Sooner or later, and probably sooner, Judge Sue L. Robinson will issue a decision regarding the discipline, if any, to be imposed on Browns quarterback Deshaun Watson. And if/when any discipline is imposed, either Watson or the league can file an appeal.
So let’s take a look at what would happen if there’s an appeal.
Here’s the relevant language from the Personal Conduct Policy as to the appeal process: “Following communication of the disciplinary decision, either the league (through the Management Council) or player (through the NFL Players Association) may appeal the decision to the Commissioner or his designee. Such appeals will be: (i) processed on an expedited basis; (ii) limited to consideration of the terms of discipline imposed; and (iii) based upon a review of the existing record without reference to evidence or testimony not previously considered. No additional evidence or testimony shall be presented to or accepted by the Commissioner or his designee. Any factual findings and evidentiary determinations of the Disciplinary Officer will be binding to the parties on appeal, and the decision of the Commissioner or his designee, which may overturn, reduce, modify or increase the discipline previously issued, will be final and binding on all parties.”
Here’s what it means. The NFL, despite the changes to the process made in 2020, still has final say over the discipline. The Commissioner or his designee (who wouldn’t be his designee if he wasn’t prepared to do what the Commissioner wants) will make a “final and binding” decision.
It must happen quickly, by rule. It cannot entail any new evidence, by rule. It must be based on the facts as Judge Robinson determines them to be, which makes her findings of fact a critical aspect of her decision.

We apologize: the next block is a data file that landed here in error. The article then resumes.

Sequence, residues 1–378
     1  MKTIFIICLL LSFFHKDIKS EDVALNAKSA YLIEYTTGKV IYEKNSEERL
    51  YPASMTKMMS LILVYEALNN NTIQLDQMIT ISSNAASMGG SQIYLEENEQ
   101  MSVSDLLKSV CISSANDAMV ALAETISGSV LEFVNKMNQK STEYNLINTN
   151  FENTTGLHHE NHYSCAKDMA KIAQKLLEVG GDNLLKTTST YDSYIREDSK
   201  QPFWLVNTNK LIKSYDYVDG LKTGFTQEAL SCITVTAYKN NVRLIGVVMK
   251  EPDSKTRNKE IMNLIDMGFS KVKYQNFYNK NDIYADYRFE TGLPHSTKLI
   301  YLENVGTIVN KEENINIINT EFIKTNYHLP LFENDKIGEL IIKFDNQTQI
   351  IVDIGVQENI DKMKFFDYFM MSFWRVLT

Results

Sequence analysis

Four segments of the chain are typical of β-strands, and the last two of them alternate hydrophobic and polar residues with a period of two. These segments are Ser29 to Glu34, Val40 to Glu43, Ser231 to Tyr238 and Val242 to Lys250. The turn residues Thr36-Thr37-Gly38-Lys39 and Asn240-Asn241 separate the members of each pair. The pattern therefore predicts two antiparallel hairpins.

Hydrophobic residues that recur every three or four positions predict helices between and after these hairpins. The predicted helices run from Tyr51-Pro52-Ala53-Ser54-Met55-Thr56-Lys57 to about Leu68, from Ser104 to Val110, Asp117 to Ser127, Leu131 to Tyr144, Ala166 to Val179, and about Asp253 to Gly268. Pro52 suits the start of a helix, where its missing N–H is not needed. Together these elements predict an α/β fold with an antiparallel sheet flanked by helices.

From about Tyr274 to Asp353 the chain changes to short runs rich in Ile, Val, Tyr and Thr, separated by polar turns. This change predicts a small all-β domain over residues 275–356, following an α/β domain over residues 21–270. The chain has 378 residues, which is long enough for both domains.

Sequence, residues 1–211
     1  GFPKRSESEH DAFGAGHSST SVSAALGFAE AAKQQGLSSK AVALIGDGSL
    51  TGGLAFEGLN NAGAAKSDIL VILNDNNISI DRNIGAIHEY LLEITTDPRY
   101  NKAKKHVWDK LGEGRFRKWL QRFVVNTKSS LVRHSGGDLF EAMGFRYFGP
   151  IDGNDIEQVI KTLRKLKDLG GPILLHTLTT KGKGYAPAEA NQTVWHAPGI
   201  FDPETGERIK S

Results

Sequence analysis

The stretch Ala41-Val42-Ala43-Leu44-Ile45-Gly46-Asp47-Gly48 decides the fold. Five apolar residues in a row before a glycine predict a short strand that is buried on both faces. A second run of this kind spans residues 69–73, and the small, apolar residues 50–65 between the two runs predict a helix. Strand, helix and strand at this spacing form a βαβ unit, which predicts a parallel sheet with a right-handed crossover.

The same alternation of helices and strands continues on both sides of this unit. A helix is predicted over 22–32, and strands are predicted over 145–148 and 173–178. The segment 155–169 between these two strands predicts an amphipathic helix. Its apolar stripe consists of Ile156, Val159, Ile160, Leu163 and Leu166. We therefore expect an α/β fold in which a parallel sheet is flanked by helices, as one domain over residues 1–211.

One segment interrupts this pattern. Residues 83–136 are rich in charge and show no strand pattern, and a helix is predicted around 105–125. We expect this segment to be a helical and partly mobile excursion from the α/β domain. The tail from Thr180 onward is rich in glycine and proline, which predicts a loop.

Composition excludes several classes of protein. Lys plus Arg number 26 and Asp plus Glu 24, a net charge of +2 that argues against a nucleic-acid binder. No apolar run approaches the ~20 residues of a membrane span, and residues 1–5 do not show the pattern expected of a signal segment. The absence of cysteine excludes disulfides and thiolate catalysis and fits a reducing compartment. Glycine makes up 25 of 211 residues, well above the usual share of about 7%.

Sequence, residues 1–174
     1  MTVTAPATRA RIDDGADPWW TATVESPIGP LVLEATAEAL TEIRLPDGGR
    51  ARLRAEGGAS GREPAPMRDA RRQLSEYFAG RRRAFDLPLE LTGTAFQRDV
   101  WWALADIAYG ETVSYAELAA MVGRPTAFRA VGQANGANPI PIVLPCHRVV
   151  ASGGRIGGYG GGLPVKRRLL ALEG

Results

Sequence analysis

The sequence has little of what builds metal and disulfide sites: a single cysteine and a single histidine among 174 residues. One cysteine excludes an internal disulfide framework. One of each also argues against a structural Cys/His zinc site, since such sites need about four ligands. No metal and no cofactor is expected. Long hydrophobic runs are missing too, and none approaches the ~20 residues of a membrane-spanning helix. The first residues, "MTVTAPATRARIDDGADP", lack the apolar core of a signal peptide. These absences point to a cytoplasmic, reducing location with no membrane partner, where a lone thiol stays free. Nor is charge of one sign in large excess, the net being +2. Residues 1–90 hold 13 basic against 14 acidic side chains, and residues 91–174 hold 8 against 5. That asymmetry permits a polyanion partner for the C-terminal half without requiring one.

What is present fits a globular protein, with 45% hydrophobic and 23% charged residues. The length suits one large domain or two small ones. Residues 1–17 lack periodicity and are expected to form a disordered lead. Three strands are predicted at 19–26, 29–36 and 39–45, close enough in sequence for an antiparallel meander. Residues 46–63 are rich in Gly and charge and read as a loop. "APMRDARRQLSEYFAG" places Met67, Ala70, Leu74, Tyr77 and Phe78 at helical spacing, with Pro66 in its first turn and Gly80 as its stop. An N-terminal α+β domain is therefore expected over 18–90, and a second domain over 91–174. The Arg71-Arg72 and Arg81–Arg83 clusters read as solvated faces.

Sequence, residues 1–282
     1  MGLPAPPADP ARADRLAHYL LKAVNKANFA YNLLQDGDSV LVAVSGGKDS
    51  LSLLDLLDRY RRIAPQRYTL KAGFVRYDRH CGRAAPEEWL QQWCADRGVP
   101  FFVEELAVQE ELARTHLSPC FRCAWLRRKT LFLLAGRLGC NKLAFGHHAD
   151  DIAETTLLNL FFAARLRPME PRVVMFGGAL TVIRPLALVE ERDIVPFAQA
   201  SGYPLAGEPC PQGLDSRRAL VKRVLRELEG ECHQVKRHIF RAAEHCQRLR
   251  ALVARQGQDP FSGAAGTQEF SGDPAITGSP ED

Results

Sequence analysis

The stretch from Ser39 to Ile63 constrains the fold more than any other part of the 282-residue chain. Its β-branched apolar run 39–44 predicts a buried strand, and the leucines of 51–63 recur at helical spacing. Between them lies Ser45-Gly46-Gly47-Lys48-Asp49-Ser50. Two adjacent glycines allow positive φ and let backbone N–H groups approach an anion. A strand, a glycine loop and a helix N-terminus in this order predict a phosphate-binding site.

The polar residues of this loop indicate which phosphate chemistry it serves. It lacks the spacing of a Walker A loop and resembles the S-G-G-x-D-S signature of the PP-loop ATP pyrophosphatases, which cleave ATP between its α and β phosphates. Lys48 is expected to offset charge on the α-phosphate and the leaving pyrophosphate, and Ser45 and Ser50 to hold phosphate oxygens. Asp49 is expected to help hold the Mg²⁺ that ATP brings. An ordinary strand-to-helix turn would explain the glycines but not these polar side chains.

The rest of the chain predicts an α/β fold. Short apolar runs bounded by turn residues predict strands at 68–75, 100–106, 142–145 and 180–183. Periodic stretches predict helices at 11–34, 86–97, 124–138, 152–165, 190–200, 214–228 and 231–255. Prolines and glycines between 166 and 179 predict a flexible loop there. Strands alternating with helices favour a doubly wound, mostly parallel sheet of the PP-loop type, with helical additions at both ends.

But the Commissioner can do whatever he wants, especially since the policy contains no standard of review or other restrictions on his ability to throw out Judge Robinson’s conclusion and replace it with something else.
Would it be awkward to say to Judge Robinson, “Sorry, we think it should be 17 games, not four”? Yes. But not nearly as awkward as the public reaction to the perception that the league was too lenient with Watson. That’s the overriding problem for the league. Eight years ago, the mishandling of Ray Rice nearly brought the whole house down. The league can’t afford to have the same thing happen here.
That’s why it will be critical for the league to properly gauge public reaction to Judge Robinson’s ruling, and then to decide first whether to appeal it at all (there was a report several weeks back that, if Judge Robinson issues a 6-8 game suspension, maybe there won’t be) and second what to do with the appeal. Yes, public reaction matters. The entire process is a P.R. tool, aimed at giving the league a way to investigate and punish players who get in trouble when not at work. The union has agreed to it. Players are never fully off duty; the Shield never sleeps.
And so, since the league has created the Personal Conduct Policy as a vehicle for meeting public expectations, the league needs to consider those expectations when reaching a decision on Watson.
Unless Judge Robinson issues no discipline at all. That’s the only way to keep Goodell or his designee from designating her decision as insufficient, and to replace it with something that the league believes will better mesh with what the fans and media expect the final decision to be.